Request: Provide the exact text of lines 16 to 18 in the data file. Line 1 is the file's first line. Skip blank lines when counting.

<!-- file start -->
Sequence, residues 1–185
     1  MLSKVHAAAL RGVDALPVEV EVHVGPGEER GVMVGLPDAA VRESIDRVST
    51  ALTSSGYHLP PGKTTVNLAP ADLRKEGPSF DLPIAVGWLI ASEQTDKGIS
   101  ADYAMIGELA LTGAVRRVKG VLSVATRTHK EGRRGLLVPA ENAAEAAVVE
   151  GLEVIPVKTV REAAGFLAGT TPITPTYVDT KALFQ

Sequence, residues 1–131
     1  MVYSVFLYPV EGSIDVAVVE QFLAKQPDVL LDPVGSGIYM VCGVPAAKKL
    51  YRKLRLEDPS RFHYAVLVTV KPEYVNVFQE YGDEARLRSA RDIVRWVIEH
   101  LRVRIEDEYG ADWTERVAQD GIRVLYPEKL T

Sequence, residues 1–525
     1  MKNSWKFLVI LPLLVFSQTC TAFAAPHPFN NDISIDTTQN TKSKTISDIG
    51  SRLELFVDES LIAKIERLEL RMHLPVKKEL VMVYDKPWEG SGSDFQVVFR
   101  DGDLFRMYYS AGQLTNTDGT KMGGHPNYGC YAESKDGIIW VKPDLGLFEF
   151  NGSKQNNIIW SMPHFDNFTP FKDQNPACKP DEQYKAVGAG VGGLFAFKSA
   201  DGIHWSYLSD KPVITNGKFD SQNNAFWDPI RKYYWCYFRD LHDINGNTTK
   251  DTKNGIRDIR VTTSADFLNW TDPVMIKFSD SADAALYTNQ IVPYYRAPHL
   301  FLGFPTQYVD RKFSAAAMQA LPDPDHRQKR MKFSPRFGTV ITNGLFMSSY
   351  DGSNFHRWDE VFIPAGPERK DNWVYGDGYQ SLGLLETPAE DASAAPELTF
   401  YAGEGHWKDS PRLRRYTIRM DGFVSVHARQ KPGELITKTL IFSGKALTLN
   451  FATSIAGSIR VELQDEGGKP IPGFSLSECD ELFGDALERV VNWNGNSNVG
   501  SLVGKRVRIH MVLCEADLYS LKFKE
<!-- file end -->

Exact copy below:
   251  DTKNGIRDIR VTTSADFLNW TDPVMIKFSD SADAALYTNQ IVPYYRAPHL
   301  FLGFPTQYVD RKFSAAAMQA LPDPDHRQKR MKFSPRFGTV ITNGLFMSSY
   351  DGSNFHRWDE VFIPAGPERK DNWVYGDGYQ SLGLLETPAE DASAAPELTF